By Carrie Douglas and Zachary Trotter
A patient rights organization recently reported that only 16 percent of the 2,000 U.S. hospitals it reviewed were in compliance with the federal Hospital Price Transparency Rule. Back in June, the Journal of the American Medical Association published a study that also showed that progress on price transparency was slow. To date, CMS has imposed two fines totaling more than $1 million for failure to comply with the Rule and issued more than 350 warning notices to hospitals with more surely to come.
The federal Hospital Price Transparency Final Rule took effect on January 1, 2021 with the goal of increasing healthcare price transparency and facilitating patient price shopping online. Hospitals are required to post machine-readable, consumer-friendly files of the rates they negotiate with payers, gross charges and discounted cash prices for 300 “shoppable services.” CMS has announced 70 mandatory “shoppable” services which must be reported by hospitals. These services include:
Preventive Medicine Services
Hospitals possess more discretion, however, in selecting what services are identified in the remaining 230 disclosures. Notably, the 230 services must be services that are commonly provided to the hospital’s patient population and selected from the following categories of “shoppable” services:
Evaluation and management
Laboratory and pathology
Under the Rule, for hospitals with 30 or fewer beds, the minimum civil monetary penalty for failure to comply is $300 per day. For hospitals with more than 30 beds, the minimum civil monetary penalty for failure to comply is $10 per bed per day, capped at $5,500 per day. Thus, yearly noncompliance penalties can range from $109,500 to more than $2,000,000.
For purposes of complying with the Price Transparency Rule, hospitals must include five types of standard charges for the 300 “shoppable services.”
A hospital may meet the requirements of displaying its shoppable services by means of a price estimator tool if it provides estimates for shoppable services provided by the hospital, allows healthcare consumers to obtain an estimate of what they will pay for the shoppable services, and allows consumers to search for shoppable services by service description, billing code, and payor.
If a hospital does not use a price estimator tool, it may meet the Rule’s requirement by disclosing its Standard Charge information, which requires a hospital to make public the Standard Charges for as many of the 70 CMS-specified shoppable services that are provided by the hospital, a description of each shoppable service, the billing code for those services, and more.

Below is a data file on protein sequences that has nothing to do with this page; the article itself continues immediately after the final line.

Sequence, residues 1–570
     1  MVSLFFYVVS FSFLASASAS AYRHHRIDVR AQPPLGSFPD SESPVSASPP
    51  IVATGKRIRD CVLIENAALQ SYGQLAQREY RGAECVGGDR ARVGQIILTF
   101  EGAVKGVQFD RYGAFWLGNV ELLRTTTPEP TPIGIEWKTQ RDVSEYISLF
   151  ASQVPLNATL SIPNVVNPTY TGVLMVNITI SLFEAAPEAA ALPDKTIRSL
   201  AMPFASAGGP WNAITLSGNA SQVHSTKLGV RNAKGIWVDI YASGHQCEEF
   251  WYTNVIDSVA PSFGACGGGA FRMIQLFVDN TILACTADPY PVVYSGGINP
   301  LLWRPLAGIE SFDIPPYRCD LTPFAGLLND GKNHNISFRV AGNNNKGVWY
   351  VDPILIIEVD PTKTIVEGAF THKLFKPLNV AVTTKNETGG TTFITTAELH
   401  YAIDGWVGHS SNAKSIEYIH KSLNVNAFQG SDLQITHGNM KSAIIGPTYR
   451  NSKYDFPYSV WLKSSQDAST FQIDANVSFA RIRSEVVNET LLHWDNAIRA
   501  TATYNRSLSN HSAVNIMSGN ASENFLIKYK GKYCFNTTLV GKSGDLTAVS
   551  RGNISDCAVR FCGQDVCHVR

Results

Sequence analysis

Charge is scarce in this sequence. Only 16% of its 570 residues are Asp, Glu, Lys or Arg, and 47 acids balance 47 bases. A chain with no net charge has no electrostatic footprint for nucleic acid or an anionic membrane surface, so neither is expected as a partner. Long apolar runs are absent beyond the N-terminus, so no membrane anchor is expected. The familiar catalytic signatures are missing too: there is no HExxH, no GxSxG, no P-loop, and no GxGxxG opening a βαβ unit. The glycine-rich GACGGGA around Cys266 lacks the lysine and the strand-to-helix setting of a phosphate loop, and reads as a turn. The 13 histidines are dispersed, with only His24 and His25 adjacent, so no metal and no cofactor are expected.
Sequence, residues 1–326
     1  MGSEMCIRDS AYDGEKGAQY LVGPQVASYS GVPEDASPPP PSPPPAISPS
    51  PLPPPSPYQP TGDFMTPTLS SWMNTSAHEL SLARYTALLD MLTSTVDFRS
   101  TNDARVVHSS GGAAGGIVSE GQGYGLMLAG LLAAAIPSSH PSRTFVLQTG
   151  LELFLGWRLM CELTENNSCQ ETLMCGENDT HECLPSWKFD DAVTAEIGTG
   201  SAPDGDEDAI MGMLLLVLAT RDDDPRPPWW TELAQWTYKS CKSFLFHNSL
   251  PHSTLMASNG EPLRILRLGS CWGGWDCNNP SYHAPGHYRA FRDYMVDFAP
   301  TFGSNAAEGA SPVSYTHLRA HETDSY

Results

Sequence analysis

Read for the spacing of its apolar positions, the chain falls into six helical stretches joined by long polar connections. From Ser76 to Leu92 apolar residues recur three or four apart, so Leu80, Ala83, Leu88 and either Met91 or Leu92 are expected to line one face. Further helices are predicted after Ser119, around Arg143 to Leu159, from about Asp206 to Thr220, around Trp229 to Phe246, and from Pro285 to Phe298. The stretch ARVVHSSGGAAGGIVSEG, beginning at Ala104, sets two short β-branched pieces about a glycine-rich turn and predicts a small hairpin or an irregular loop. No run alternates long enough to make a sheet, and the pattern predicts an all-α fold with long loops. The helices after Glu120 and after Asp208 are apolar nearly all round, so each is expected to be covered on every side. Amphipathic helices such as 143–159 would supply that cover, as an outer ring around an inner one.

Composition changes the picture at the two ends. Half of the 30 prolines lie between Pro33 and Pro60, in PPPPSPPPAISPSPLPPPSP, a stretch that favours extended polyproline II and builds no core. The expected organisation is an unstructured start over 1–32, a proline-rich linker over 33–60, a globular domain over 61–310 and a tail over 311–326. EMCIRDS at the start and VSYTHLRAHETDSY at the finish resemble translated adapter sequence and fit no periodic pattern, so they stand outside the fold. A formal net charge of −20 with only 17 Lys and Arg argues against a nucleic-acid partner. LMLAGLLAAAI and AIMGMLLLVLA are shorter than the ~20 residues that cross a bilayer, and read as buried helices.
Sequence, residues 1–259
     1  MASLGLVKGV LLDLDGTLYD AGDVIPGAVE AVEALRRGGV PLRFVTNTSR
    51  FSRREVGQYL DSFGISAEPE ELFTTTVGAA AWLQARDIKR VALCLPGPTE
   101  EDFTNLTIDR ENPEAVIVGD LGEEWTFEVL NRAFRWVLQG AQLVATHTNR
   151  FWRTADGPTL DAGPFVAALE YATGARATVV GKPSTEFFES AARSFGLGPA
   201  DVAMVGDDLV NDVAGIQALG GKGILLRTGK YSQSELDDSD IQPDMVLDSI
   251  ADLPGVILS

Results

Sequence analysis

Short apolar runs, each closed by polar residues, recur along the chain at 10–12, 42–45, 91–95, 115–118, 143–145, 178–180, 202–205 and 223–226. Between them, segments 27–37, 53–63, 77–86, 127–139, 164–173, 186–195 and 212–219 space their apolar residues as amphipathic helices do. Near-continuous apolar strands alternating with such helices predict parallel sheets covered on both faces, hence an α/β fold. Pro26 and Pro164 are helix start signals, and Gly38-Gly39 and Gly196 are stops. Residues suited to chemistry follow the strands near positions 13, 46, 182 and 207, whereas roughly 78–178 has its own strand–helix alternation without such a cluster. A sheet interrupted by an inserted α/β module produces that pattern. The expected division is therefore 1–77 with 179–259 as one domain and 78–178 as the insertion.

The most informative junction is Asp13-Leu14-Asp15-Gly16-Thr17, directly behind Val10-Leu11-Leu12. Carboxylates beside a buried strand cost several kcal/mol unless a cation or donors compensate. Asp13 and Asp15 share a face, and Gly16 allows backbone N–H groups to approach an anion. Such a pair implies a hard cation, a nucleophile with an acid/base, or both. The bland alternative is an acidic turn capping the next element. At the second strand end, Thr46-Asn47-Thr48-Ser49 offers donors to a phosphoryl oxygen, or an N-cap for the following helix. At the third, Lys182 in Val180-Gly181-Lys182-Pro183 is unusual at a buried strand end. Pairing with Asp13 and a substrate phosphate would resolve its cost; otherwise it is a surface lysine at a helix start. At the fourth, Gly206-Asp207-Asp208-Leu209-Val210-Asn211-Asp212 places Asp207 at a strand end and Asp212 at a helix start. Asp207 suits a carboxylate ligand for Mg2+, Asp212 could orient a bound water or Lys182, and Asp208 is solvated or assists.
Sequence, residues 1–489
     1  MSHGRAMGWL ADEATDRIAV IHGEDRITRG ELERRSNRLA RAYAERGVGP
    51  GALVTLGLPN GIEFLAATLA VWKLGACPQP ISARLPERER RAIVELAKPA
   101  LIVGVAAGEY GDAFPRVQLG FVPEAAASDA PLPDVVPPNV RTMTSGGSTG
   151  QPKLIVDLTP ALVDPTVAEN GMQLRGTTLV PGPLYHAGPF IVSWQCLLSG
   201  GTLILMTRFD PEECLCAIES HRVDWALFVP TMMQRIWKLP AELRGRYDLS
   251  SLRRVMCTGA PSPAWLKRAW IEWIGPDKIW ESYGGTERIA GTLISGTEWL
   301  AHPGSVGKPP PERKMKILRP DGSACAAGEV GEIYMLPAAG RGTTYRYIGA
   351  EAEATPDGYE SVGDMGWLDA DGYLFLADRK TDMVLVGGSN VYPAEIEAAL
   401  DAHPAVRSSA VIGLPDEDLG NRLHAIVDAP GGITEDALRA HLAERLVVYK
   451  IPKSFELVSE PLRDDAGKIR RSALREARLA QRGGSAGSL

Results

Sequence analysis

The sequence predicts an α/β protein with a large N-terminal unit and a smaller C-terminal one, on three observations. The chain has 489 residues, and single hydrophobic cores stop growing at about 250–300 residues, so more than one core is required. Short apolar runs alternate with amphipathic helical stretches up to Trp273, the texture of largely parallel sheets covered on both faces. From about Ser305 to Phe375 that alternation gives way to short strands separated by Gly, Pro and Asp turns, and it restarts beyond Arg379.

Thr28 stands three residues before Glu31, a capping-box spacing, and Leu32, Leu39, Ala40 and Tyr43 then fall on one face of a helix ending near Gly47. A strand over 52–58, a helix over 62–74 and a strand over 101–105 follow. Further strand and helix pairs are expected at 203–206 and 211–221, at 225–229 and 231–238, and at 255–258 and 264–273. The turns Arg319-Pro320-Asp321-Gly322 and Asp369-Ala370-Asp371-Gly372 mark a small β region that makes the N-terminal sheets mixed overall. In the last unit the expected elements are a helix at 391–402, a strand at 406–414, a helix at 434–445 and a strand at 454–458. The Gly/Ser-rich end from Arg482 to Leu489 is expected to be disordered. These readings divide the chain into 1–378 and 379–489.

Regulators have pledged to increase the penalties and have sent hospitals warning letters and corrective action mandates, but fines have only just begun. To promote further compliance, commentators expect CMS to aggressively issue fines and to increase the amount of the fines to a point where they are too large to ignore.
Currently, hospitals’ non-compliance may reflect hospital executives’ concerns about the administrative work required to set up the price transparency database, their rivals undercutting them on publicly disclosed prices and the legal ramifications if a patient bill doesn’t match the disclosed data. Given the fine limitations, there are also relatively small consequences for hospitals that ignore or only partially comply with the Rule. These consequences include allowing CMS to publish a list of hospitals that are penalized by CMS for failure to comply.
Right now, hospital executives, in conjunction with their legal counsel, should proactively plan how to achieve their goals, the legal ramifications of any failure to comply with the Rule, and, if needed, how to challenge any asserted penalties.
Zachary Trotter is a partner at Waller in Birmingham, Ala. where he assists hospitals, health systems, physicians and other providers with a broad range of transactional, compliance and operational issues.
Carrie Douglas is a partner at Waller where
her legal practice focuses on assisting healthcare providers resolve reimbursement disputes with commercial payors.